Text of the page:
For a CEO to properly understand risk exposure and make the right investments, IT departments have to be able to confidently communicate what types of data are on any given device at any given time.

Here are five questions that IT teams should be ready to answer when their CEO comes calling:

What have we spent our money on?

Or, more specifically, exactly how many assets do we have? And, do we know where they are? While these seem like basic questions, they can be shockingly difficult to answer … much more difficult than people realize. The last several months in the wake of the COVID-19 outbreak have been the proof point.

With the mass exodus of machines leaving the building and disconnecting from the corporate network, many IT leaders found themselves guessing just how many devices had been released into the wild and gone home with employees.

One CIO we spoke to estimated they had “somewhere between 30,000 and 50,000 devices” that went home with employees, meaning there could have been up to 20,000 that were completely unaccounted for. The complexity was further compounded as old devices were pulled out of desk drawers and storage closets to get something into the hands of employees who were not equipped to work remotely. Companies had endpoints connecting to corporate network and systems that they hadn’t seen for years — meaning they were out-of-date from a security perspective as well.

This level of uncertainty is obviously unsustainable and introduces a tremendous amount of security risk. Every endpoint that goes unaccounted for not only means wasted spend but also increased vulnerability, greater potential for breach or compliance violation, and more. In order to mitigate these risks, there needs to be a permanent connection to every device that can tell you exactly how many assets you have deployed at any given time — whether they are in the building or out in the wild.

Are our devices and data protected?

Device and data security go hand in hand; without the ability to see every device that is deployed across an organization, it becomes next to impossible to know what data is living on those devices. When employees know they are leaving the building and going to be off network, they tend to engage in “data hoarding.”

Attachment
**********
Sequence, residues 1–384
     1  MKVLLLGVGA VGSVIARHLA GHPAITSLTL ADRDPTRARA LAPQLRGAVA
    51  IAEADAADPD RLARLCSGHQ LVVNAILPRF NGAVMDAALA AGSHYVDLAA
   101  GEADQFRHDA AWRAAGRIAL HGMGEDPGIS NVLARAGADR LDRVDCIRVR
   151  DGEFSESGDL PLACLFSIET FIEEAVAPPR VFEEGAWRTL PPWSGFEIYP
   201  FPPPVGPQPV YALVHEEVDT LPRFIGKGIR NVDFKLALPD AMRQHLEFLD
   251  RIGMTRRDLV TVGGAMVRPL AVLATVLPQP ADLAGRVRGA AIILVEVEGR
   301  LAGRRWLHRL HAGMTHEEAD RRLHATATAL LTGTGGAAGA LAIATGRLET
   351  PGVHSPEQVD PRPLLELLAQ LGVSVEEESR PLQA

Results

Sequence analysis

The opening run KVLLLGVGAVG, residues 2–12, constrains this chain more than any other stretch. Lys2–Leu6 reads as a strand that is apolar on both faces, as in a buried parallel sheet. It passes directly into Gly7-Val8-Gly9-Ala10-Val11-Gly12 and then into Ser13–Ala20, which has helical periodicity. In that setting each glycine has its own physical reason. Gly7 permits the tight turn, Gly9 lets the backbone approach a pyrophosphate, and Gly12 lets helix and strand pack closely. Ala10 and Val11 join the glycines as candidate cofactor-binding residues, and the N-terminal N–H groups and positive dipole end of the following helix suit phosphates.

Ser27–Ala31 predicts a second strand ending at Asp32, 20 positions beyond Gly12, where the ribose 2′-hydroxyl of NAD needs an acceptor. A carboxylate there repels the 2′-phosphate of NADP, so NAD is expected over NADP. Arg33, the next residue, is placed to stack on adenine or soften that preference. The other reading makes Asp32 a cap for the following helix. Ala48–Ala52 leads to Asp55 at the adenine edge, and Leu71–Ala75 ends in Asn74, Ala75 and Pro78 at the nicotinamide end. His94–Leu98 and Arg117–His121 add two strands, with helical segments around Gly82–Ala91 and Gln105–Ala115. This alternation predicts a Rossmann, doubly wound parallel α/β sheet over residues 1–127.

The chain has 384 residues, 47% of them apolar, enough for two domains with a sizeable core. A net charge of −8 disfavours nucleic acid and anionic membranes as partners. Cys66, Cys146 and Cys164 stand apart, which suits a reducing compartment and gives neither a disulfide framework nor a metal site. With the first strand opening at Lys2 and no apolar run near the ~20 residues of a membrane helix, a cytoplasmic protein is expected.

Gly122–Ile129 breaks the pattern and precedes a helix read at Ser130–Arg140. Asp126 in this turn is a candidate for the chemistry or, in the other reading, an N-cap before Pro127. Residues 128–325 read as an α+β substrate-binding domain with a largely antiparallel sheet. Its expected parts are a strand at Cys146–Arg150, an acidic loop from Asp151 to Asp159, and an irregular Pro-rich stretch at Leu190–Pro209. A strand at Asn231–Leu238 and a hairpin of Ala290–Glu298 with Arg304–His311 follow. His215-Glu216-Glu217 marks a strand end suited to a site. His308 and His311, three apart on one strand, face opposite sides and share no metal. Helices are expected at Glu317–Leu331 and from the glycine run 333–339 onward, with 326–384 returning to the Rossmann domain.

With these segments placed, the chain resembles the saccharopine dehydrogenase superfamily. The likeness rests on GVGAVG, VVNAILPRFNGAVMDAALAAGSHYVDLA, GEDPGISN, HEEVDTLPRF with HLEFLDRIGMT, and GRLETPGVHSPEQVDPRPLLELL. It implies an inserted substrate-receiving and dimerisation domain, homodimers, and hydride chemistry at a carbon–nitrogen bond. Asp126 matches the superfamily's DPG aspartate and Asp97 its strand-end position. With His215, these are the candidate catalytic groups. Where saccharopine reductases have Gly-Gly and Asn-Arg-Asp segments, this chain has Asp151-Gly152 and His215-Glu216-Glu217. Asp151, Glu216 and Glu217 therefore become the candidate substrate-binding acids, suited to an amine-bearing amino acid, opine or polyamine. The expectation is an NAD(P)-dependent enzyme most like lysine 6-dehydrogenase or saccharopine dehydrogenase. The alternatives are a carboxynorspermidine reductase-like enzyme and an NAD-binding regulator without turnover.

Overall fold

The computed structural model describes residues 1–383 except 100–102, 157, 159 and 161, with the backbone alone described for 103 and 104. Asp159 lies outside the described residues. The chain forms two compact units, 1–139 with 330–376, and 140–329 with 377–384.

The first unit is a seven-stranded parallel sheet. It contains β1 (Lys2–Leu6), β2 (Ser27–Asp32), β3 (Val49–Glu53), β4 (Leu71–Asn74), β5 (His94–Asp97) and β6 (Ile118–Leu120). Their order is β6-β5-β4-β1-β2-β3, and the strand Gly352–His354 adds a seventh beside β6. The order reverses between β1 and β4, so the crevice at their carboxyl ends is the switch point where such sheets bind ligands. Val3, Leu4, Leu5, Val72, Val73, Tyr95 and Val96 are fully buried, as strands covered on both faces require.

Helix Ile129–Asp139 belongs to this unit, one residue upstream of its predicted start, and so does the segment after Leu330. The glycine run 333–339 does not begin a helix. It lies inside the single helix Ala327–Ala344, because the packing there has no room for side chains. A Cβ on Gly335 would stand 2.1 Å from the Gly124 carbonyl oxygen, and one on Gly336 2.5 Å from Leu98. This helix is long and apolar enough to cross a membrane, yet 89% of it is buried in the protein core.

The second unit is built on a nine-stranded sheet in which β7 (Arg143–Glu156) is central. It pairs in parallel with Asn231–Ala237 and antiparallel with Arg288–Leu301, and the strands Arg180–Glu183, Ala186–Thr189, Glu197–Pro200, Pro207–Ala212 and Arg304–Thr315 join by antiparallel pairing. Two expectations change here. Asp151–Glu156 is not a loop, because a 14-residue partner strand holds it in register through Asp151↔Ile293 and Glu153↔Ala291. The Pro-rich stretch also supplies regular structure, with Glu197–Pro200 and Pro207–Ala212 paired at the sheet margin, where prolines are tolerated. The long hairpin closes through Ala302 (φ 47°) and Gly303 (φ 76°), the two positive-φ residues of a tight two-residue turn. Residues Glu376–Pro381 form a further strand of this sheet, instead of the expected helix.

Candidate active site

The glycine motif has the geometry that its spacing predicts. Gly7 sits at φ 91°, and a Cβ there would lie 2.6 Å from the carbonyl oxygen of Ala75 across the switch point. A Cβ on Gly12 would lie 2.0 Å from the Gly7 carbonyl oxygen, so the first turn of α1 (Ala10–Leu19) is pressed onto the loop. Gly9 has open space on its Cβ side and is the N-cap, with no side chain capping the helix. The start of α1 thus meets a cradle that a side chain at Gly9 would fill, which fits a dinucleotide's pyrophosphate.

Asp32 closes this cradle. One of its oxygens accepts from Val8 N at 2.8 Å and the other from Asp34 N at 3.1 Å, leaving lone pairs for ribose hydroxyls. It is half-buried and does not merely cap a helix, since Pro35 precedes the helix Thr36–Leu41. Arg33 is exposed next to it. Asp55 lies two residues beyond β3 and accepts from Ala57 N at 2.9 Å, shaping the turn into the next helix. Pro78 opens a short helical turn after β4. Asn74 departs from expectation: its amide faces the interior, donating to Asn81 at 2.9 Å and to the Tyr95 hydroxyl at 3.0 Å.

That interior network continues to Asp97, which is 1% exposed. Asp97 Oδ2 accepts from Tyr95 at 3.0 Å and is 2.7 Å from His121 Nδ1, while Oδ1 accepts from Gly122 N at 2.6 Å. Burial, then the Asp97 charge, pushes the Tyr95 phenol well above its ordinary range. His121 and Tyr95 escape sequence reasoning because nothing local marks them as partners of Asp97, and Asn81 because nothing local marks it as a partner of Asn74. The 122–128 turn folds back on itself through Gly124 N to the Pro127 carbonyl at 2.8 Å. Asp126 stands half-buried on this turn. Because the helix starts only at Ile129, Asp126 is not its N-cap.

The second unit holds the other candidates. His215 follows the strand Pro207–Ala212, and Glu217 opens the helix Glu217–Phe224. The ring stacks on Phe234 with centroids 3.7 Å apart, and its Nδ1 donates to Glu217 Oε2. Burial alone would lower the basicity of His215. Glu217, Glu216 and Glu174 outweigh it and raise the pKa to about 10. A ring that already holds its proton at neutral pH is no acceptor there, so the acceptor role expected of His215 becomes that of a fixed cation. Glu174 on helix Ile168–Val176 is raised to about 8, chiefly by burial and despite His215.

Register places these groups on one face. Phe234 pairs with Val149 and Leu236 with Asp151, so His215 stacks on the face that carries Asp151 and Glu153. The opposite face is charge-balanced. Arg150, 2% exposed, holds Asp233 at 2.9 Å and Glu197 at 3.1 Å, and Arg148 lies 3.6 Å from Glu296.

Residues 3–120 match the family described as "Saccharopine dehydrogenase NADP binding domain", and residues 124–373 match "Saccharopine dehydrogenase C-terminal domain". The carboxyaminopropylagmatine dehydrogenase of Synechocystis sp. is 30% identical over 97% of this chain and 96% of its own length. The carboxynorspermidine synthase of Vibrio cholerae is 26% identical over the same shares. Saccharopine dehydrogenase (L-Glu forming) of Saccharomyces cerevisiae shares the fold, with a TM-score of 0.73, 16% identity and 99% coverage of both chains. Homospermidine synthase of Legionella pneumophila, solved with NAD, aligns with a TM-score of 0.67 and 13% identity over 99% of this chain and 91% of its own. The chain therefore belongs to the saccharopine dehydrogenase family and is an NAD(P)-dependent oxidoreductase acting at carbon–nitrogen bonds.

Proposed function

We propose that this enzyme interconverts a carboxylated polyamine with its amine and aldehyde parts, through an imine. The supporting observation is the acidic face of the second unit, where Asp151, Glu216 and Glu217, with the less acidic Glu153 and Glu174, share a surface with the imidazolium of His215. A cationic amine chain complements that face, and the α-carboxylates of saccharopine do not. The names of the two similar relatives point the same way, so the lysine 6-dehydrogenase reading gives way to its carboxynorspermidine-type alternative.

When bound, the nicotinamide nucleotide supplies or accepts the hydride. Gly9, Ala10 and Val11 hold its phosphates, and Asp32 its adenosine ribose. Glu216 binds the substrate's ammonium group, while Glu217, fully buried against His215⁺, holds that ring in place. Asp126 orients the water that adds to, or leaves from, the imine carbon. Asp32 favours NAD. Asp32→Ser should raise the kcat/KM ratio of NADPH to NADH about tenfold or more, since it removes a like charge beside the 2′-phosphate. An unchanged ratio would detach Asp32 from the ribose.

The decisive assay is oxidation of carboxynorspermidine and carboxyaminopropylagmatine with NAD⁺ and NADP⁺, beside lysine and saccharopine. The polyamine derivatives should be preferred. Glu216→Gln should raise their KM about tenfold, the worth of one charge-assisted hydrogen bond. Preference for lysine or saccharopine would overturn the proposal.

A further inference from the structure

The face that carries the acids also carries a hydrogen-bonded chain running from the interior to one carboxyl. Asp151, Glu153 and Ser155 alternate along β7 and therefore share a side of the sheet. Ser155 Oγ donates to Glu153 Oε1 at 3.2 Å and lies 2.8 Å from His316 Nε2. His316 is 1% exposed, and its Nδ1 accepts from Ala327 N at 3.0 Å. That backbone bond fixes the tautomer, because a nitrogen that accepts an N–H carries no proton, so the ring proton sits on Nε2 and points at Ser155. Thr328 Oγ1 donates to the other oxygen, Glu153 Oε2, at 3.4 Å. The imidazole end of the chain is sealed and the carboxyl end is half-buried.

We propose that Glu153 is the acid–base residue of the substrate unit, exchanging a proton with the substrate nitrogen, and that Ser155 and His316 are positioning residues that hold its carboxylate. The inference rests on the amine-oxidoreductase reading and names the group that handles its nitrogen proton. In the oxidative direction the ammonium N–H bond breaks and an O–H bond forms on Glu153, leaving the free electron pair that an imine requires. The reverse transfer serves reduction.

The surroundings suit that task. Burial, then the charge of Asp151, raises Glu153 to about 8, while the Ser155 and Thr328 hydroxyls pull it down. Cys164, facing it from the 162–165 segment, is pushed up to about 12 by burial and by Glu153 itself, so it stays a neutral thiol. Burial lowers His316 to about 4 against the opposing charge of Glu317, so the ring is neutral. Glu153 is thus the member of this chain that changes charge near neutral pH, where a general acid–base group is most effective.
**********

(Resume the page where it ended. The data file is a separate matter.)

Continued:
Nov
12
2020
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Menlo Security announces $100M Series E on $800M valuation

Menlo Security, a malware and phishing prevention startup, announced a $100 million Series E today on an $800 million valuation. The round was led by Vista Equity Partners with help from Neuberger Berman, General Catalyst, JP Morgan and other unnamed existing investors. The company has now raised approximately $250 million.

CEO and co-founder Amir Ben-Efraim says that while the platform has expanded over the years, the company stays mostly focused on web and email as major attack vectors for customers. “We really focused on a better kind of security outcome relative to the major threat factors of web and email. So web and email is really how most of the world or the enterprise world at least does its work, and these channels remain forever vulnerable to the latest attack,” Ben-Efraim explained.

He says that to protect those attack surfaces, the company pioneered a technology called web isolation to disconnect the user from the content and send only safe visuals. “When they click a link or engage with a website, the safe visuals are guaranteed to be malware-free, no matter where you go or you end up,” Ben-Efraim said.

With a valuation of $800 million, he’s proud having built his company from the ground up to this point. He’s not quite ready to discuss an IPO yet, but he expects to take this large influx of cash and continue to grow an independent company with an IPO perhaps three years out.

With an increase in business and the new capital, the company, which has 270 employees of which around 70 came on board this year, hopes to continue to grow at that pace in 2021. He says that as that happens the security startup has been paying close attention to the social justice movements.

“As a management team and for myself as a CEO, it’s an important topic. So we were paying close attention to our own diversification goals. We want Menlo to become a more diversified company,” Ben-Efraim said. He believes the way to get there is to prioritize recruiting channels where they can tap into a wider variety of potential recruits for the company.

While he wouldn’t discuss revenue, he did say in spite of the pandemic, the business is growing rapidly and sales are up 155% in terms of net new sales over last year. “The momentum for that being customers specifically in critical infrastructure, financial services, government and the like are seeing an uptick in attacks associated with COVID, and are looking at security as essential in an area that they need to double down on. So despite the financial difficulties, that’s created a bit of a tailwind for us strangely in 2020, even though the world economy as a whole is clearly being challenged by this epidemic,” he said.

Apr
08
2020
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Box adds automated malware detection to Box Shield security product

With more folks working at home than ever, and many on machines outside the purview of IT and security teams, it’s becoming increasingly imperative to find creative ways to protect them from harm. Today, Box announced it was adding automated malware detection tools to Box Shield, the security product it announced last year.

Aaron Levie, CEO at Box, says that it’s important to find new ways of thinking about security, especially with millions of people suddenly working at home using cloud solutions.